BERLIN.- What is light? What is time and space? What is light in sculpture? And what is the significance of light as a medium of art? All these and other questions arise at the current exhibition by the British artist Anthony McCall (born 1946) at the Berlin Museum of Contemporary Art. It is an impressive presentation that throws interesting light on our way of observing and perceiving the world around us. Anthony McCalls light sculptures juggle with paradoxes, showing us something that is simultaneously both real and unreal, that contains nothing of substance and is pure light. Though the works are intangible, we want to touch or grasp them. But there is nothing to hold onto, nothing to touch or to feel. These sculptures deceive our senses; confronted with them, we fall victim to an optical illusion. For visitors to the pitch-black exhibition hall in which these works are displayed, the first impression is one of strangely illuminated sculptures, reminiscent of gigantic cones. They seem to be solid but they are in fact only a fascinating illusion.
In western Europe, there is a tradition of light art whose roots can be traced back to the 1920s, to the painter, photographer and Bauhaus-professor Lázló Moholy-Nagy, for example. Between 1920 and 1930, he produced the famous Light-Room-Modulator, the first light sculpture ever completed. We can, however, go even further back, to the year 1892 when the American dancer Loïe Fuller performed as a living light sculpture at the Folies Bergère.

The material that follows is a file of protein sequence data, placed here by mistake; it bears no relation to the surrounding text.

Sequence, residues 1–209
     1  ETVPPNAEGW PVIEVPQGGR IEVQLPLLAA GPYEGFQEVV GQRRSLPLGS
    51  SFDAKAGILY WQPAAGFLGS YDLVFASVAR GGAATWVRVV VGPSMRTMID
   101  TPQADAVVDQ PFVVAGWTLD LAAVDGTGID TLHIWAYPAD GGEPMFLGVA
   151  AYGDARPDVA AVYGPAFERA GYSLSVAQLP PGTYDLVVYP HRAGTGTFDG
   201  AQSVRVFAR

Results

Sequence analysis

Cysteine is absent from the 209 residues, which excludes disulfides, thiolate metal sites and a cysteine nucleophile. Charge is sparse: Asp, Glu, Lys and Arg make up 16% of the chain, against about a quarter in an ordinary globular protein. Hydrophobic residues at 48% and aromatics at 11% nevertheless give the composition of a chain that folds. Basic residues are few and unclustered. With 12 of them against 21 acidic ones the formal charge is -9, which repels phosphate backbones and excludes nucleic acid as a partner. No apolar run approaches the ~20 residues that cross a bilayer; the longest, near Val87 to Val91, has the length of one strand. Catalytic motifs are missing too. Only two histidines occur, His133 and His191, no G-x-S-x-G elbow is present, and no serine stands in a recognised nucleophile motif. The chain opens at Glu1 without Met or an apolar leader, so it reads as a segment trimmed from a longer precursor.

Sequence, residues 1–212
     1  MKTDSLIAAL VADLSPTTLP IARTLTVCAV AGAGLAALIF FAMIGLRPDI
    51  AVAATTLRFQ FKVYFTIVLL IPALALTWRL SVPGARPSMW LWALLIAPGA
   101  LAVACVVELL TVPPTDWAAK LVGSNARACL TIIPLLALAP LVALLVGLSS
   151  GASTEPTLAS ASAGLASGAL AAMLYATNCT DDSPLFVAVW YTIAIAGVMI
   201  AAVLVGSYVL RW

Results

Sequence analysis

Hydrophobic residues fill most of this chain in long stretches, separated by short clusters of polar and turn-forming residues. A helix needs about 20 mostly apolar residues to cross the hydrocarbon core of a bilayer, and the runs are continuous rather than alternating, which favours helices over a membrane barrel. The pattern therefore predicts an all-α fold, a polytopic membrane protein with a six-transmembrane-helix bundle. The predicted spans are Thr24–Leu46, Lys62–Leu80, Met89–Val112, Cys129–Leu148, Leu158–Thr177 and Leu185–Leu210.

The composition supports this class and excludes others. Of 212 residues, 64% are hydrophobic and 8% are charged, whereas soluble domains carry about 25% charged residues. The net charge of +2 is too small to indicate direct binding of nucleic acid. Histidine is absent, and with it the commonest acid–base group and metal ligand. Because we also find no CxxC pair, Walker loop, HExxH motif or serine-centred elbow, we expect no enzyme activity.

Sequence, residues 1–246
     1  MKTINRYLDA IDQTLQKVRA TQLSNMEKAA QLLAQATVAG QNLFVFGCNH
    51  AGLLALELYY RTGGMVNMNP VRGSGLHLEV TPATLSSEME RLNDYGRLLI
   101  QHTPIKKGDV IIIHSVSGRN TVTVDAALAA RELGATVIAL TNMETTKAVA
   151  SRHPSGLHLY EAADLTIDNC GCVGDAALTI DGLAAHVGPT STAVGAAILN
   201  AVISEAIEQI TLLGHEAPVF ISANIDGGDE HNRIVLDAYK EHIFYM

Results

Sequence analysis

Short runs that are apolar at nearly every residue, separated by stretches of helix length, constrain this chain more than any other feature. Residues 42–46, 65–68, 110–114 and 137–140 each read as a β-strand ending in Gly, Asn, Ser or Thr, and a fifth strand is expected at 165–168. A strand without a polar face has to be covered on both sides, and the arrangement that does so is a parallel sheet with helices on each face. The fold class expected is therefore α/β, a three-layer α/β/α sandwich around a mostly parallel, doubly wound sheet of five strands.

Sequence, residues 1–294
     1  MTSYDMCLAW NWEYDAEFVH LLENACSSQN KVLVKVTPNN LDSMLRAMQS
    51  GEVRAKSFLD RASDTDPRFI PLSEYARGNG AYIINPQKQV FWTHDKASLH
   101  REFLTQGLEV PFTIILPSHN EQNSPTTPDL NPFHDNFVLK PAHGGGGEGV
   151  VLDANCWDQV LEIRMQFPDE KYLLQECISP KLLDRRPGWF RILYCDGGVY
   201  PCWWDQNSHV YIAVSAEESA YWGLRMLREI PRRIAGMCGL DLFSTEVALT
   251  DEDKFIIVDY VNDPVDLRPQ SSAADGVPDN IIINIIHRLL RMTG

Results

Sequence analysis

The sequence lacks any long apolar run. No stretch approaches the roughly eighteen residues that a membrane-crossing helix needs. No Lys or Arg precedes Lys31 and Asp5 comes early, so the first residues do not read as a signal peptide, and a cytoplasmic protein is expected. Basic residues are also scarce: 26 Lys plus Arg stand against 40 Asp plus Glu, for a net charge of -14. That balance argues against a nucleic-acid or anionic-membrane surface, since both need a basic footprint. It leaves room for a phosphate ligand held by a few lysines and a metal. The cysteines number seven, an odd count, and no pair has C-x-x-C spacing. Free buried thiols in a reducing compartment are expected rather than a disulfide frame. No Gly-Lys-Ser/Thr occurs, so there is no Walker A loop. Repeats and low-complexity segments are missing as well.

Light sculptures do tend to be spectacular and overwhelming. One has only to think of Olafur Eliassons The Weather Project at the Tate Modern in 2003, or Arnold Dreyblatts The Recollection Mechanism, exibited in Berlin from 1999 to 2000 in The 20th Century: a Century of Art in Germany. By chance, Dreyblatts work was displayed at the same location at which McCalls is at present being exhibited: in the big middle hall of the Hamburger Bahnhof. Then, light transformed an endless stream of words and sentences to transparent columns which floated in the dark, labyrinthine room; now, towering cones rose ghost-like from the floor to the roof, a distance of perhaps ten metres.
Anthony McCall teaches us to mistrust our senses and taught knowledge. All his light sculptures change slowly and continually; thus, he wants us to rethink all that we already know about light, space and time. After a while the sculptures are no longer what they were; to become aware of the tiny modifications the sculptures have undergone, one has to take time and look very carefully.
Highly original electronic devices produce these effects: using computer programmes and a beamer, McCall projects animated white lines onto the floor and walls of a black room filled with artificial fog. The odourless haze reflects the light and creates the astounding illusion of moving cones.
That this exhibition attracts even families with small children is unsurprising: both adults and kids find comfort by retreating into their own imagination.